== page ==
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NIPAH VIRUS OUTBREAK: ALL YOU NEED TO KNOW

ManipalHospitals • May 23, 20180 Comment

The entire nation in general and the state of Kerala in particular is on high alert following the outbreak of the Nipah virus infection in the state. This deadly disease has already claimed the lives of 10 people in the state, including that of a nurse who was exposed to the virus while tending to an infected patient. The Nipah virus has a mortality rate of 70 percent, making its containment a top priority for the government. Here are some important details regarding this virus.

What is Nipah Virus?
Nipah virus (NiV) is newly-emerging zoonosis, i.e. a disease that is transmitted from animals to humans, and causes severe disease in both. It belongs to genus called Henipavirus. Named after the Kampung Sungai Nipah village in Malaysia, where it was first identified in 1998, it affects the brain of a person. In 2004, some people in Bangladesh got infected with this virus after consuming palm sap contaminated by fruit bats.
Which animals can spread this disease?
According to WHO, the natural hosts of this virus are the fruit bats, also known as the flying fox bats, belonging to the Pteropodidae family. Pigs can also act as intermediate hosts.
How is this disease transmitted?
Some of the ways in which this disease spreads are:
• Consumption of fruits or berries contaminated by infected bats
• Direct contact with infested pigs and bats
• Contact with other NiV infected people and/or their bodily fluids like saliva
What are the symptoms of Nipah Virus Infection?
The symptoms of NiV are similar to those of any viral infection, including:
 Fever
 Muscle Pain
 Respiratory problems
 Headache
 Dizziness
 Vomiting and nausea
 Disorientation
 Reduced level of consciousness
 Encephalitis
 Asymptomatic infection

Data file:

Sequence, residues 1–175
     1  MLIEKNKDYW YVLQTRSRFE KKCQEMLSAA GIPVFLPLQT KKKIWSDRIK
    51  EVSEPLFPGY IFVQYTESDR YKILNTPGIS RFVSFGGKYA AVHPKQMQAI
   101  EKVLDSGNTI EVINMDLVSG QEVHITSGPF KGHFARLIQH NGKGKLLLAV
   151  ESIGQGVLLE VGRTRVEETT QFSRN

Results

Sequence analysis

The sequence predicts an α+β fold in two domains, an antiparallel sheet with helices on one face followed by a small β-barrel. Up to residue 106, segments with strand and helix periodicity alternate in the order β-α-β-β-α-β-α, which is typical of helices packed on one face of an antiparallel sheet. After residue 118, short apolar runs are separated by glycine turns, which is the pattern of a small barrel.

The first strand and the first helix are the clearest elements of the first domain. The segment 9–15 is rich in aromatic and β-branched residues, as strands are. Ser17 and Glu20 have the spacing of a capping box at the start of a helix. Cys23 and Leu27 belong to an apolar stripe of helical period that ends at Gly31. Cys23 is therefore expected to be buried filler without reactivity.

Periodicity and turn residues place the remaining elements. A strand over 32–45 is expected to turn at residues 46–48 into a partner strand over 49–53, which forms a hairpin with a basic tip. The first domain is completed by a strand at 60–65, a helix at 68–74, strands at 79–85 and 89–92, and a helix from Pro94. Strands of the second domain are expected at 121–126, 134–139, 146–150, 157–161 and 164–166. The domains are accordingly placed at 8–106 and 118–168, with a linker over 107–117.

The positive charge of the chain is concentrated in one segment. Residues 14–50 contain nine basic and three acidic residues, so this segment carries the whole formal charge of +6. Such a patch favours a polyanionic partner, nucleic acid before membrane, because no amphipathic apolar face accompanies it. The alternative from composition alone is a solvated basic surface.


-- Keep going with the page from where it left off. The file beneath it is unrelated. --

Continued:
 Coma
How is Nipah virus infection diagnosed?
NiV can be diagnosed by conducting a few tests. They are:
 Histopathology: a detailed, microscopic study of tissues
 Serology: blood tests to view the antibodies
 PCR (Polymerase Chain Reaction): to detect the presence of viral DNA
 Serum Neutralization Test: to evaluate levels of protective antibodies in a patient’s serum
 Enzyme-linked Immunosorbent Assay (ELISA): a technique for detecting and establishing the levels of substances like proteins, antibodies and hormones
What is the treatment for this infection?
Currently, there is no vaccination or a cure of a permanent nature to combat this virus. Intensive supportive care is the primary treatment for this disease. Ribavarin, an anti-viral drug used in treatment of Hepatitis C may have some effect on this disease.
What precautions need to be taken for preventing this disease?
• Avoid consumption of fruits and berries which are left over after being bitten by bats and other animals.
• Avoid consumption of palm sap or toddy collected from areas where fruit bats are found.
• Infected individuals need to be hospitalized and isolated immediately.
• Keep water sources clean and covered.

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